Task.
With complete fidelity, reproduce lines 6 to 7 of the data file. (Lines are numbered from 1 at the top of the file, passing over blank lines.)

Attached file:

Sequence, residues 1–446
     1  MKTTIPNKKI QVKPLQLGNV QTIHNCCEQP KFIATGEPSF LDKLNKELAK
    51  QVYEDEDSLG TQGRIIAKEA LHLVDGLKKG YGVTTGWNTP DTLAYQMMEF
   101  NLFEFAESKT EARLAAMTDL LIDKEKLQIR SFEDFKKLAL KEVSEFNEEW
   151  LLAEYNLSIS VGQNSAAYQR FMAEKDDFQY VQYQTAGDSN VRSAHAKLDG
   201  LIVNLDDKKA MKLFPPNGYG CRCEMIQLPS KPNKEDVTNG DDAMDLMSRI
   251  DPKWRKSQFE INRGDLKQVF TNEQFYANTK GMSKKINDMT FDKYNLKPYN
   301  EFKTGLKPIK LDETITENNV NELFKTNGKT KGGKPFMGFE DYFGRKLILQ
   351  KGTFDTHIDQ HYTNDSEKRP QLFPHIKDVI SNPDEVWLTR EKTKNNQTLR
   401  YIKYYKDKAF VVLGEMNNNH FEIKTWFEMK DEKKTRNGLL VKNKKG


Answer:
   201  LIVNLDDKKA MKLFPPNGYG CRCEMIQLPS KPNKEDVTNG DDAMDLMSRI
   251  DPKWRKSQFE INRGDLKQVF TNEQFYANTK GMSKKINDMT FDKYNLKPYN